Merrill Lynch & Co., Morgan Stanley and Lehman Bros. Holdings Inc., three of the world's biggest securities firms, sued website The Fly on the Wall on Monday, claiming that it "pirated" their stock research. The copyright infringement lawsuit, filed in U.S. District Court in New York, said the site "systematically and impermissibly accesses" the firms' proprietary equity research, "free riding" on their work without conducting any of its own.
BUSINESS
June 28, 2008 | From Bloomberg News
Federal Reserve Chairman Ben S. Bernanke and Securities and Exchange Commission Chairman Christopher Cox were warned by two top senators not to proceed with a plan to take on more oversight of Wall Street until they consult with Congress. "We ask that no action" be taken before legislators can decide whether it's in the economy's "best interests," Christopher J. Dodd (D-Conn.) and Richard C. Shelby (R-Ala.), the Senate Banking Committee's ranking members, said in a letter to Bernanke, Cox and Treasury Secretary Henry M. Paulson Jr. Congress is asserting its authority over how financial markets should be regulated.
BUSINESS
February 24, 1993 | From Times Staff and Wire Reports
Shearson Reorganizes Taiwan Branch: Shearson Lehman Bros., one of the first securities firms to open a branch office in Taiwan when the local market was opened to foreign brokers in 1990, said it will reorganize its money-losing operation there, according to a company official. The firm will essentially downgrade its operation to a representative office. It reduced its staff to 10 from 26 on the reorganization, which took effect Monday.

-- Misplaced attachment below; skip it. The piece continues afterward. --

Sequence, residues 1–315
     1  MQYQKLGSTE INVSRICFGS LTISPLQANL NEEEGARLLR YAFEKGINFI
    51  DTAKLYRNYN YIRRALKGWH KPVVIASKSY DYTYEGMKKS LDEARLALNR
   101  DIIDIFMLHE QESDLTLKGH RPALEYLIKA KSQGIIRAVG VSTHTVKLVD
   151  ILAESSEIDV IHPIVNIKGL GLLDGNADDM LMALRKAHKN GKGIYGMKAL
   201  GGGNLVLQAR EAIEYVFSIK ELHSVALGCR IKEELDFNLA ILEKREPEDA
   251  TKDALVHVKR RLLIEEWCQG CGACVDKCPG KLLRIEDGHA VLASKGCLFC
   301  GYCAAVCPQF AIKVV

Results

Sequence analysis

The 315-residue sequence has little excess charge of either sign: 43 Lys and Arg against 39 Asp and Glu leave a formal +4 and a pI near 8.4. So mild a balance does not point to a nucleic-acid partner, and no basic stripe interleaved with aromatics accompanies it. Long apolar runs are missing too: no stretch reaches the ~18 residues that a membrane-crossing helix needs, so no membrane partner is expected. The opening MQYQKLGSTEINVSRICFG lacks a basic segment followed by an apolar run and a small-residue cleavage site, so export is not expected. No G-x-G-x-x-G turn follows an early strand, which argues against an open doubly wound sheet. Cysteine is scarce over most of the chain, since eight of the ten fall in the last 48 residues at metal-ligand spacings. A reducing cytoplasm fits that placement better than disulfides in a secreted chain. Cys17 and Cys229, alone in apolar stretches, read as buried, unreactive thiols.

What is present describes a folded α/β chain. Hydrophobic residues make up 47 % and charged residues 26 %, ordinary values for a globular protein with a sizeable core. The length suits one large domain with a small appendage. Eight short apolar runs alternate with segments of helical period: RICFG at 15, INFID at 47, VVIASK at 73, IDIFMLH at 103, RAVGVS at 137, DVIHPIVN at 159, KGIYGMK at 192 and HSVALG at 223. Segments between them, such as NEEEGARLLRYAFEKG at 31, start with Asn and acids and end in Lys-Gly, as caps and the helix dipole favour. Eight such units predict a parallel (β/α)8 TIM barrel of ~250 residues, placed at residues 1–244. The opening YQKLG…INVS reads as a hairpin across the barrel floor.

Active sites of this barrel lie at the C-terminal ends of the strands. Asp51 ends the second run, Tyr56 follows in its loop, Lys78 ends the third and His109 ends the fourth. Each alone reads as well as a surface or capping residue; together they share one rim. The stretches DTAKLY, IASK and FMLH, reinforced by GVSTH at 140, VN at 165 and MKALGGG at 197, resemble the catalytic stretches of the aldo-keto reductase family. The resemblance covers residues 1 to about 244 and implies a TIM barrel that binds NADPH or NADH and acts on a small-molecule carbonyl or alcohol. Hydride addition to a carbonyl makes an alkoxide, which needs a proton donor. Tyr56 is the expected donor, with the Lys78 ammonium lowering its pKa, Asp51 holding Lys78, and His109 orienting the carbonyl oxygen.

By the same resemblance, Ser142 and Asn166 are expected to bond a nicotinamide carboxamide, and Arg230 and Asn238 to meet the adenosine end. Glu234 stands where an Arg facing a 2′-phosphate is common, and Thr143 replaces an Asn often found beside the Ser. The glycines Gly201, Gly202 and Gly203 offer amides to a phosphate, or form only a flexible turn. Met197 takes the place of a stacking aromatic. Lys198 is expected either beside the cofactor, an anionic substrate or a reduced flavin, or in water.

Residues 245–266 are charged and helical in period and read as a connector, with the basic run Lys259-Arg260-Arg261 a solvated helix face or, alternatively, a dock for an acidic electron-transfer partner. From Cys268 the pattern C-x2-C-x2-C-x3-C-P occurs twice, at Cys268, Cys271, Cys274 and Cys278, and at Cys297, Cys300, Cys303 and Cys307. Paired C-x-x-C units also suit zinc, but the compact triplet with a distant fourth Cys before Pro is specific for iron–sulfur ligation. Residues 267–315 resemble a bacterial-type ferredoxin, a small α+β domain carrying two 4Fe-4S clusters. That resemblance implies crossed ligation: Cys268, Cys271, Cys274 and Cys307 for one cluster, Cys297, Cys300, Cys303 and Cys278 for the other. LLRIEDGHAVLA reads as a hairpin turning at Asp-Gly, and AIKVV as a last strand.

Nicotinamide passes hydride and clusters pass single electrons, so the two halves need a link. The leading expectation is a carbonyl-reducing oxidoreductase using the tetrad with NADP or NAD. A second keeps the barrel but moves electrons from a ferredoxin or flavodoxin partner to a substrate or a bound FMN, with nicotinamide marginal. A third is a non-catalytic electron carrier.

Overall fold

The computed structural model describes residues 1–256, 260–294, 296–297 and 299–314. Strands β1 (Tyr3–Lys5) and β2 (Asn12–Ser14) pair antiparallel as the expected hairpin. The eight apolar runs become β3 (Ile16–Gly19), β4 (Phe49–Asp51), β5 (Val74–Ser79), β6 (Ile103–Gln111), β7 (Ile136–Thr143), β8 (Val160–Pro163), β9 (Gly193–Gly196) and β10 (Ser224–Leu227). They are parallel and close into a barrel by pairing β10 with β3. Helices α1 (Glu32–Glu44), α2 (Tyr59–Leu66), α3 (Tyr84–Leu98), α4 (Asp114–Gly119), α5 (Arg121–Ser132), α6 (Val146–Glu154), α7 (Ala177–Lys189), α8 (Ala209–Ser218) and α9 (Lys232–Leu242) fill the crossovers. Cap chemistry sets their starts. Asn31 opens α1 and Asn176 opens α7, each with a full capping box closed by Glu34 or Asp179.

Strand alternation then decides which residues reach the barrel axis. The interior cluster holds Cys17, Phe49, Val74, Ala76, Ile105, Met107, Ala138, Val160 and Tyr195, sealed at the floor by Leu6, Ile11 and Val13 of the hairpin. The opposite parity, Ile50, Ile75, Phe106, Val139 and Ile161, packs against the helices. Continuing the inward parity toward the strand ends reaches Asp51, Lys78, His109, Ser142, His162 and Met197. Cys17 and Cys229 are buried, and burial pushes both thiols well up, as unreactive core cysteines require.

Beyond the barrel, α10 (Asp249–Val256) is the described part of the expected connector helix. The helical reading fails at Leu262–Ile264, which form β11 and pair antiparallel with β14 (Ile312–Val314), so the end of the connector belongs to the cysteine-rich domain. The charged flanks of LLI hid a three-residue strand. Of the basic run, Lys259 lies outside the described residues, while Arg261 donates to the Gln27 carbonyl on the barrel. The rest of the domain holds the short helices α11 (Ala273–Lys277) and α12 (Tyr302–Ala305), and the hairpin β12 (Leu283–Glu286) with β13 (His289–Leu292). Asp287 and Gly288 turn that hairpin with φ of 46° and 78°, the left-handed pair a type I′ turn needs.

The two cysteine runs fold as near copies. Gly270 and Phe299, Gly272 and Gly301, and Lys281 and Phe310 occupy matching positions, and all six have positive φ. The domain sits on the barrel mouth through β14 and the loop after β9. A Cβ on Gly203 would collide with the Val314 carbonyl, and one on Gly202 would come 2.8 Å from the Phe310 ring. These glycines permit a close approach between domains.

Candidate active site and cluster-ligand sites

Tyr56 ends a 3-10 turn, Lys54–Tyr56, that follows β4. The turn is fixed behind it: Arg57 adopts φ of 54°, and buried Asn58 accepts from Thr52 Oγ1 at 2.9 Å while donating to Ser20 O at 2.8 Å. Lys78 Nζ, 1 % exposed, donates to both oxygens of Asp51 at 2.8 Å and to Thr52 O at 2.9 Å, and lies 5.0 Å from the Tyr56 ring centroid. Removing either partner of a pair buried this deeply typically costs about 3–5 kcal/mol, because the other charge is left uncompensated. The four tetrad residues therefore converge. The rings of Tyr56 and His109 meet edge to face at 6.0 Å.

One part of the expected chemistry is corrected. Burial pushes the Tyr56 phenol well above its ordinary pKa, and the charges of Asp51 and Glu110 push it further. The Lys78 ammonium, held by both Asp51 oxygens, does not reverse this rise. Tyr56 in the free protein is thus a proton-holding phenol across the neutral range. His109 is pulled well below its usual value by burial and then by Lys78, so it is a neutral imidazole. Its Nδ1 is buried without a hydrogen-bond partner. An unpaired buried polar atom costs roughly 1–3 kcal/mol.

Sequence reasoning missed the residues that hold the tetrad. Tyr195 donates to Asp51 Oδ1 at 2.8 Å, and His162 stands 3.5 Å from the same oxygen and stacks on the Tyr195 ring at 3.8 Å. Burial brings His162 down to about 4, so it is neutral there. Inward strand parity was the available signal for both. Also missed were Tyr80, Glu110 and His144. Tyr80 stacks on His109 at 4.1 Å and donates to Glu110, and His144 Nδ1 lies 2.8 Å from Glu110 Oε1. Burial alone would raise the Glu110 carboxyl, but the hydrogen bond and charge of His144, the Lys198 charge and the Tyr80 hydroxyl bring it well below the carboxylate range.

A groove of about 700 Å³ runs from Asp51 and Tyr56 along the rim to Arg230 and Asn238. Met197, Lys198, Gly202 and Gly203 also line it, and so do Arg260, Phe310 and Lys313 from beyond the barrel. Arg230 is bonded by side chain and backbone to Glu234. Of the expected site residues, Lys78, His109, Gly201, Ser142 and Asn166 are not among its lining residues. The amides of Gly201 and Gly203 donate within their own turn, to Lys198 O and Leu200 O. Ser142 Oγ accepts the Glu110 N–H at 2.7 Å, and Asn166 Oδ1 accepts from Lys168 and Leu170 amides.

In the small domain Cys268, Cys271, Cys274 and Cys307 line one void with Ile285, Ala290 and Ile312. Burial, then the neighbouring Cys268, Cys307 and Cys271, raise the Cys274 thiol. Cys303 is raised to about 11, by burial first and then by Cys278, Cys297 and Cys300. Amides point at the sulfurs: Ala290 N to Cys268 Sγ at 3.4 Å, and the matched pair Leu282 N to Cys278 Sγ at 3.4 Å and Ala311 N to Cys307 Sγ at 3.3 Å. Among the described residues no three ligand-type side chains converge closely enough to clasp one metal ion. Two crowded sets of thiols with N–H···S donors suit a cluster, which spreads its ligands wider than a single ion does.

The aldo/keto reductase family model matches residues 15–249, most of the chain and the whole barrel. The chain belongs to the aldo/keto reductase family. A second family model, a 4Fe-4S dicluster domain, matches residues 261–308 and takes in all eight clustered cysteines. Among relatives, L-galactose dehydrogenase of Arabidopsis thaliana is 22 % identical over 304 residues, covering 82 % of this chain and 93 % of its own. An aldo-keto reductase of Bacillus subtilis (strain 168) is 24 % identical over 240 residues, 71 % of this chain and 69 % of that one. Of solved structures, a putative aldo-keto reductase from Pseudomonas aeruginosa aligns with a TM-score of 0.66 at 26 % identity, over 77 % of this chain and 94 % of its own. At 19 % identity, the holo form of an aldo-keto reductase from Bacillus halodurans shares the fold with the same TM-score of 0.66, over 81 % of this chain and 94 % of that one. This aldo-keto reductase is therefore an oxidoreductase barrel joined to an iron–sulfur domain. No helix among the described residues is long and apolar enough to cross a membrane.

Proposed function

BUSINESS
February 19, 2013 | By Ken Dilanian, Los Angeles Times
WASHINGTON - A clandestine Chinese military unit has conducted sophisticated cyber espionage operations against dozens of American and Canadian companies, according to a private report that provides unusual new details about China's involvement in cyber theft of economic and trade secrets. The report by computer security firm Mandiant Corp. in Alexandria, Va., breaks new ground by attributing attacks against 141 companies to a specific 12-story office building in the financial center of Shanghai.
NATIONAL
February 19, 2013 | By Michael Muskal
Computer-hackers tied to the Chinese military have stolen massive quantities of data from at least 140 organizations in 20 major industries since 2006, a U.S. computer security firm said in an extensive report released Tuesday. The 74-page report , prepared by Mandiant, comes as the United States has toughened its stand against computer hacking by China and is expected to seek to do more to protect both commercial and national security information. Just last week, President Obama signed an executive order to improve protection of the American computer assets.
BUSINESS
October 7, 2012 | By Salvador Rodriguez, Los Angeles Times
The gig: Steve Jillings is chief executive of TeleSign, a Marina del Rey company that provides security services to websites. Jillings, 50, took the helm two years ago, and since then TeleSign has grown from 10 employees to more than 100 — with similar growth in revenue. Its clients, mostly in North America and Europe, use TeleSign's software to authenticate users logging in to their websites. Jillings declined to identify his clients but said they run some of the world's largest consumer websites.
BUSINESS
July 27, 2012 | By Salvador Rodriguez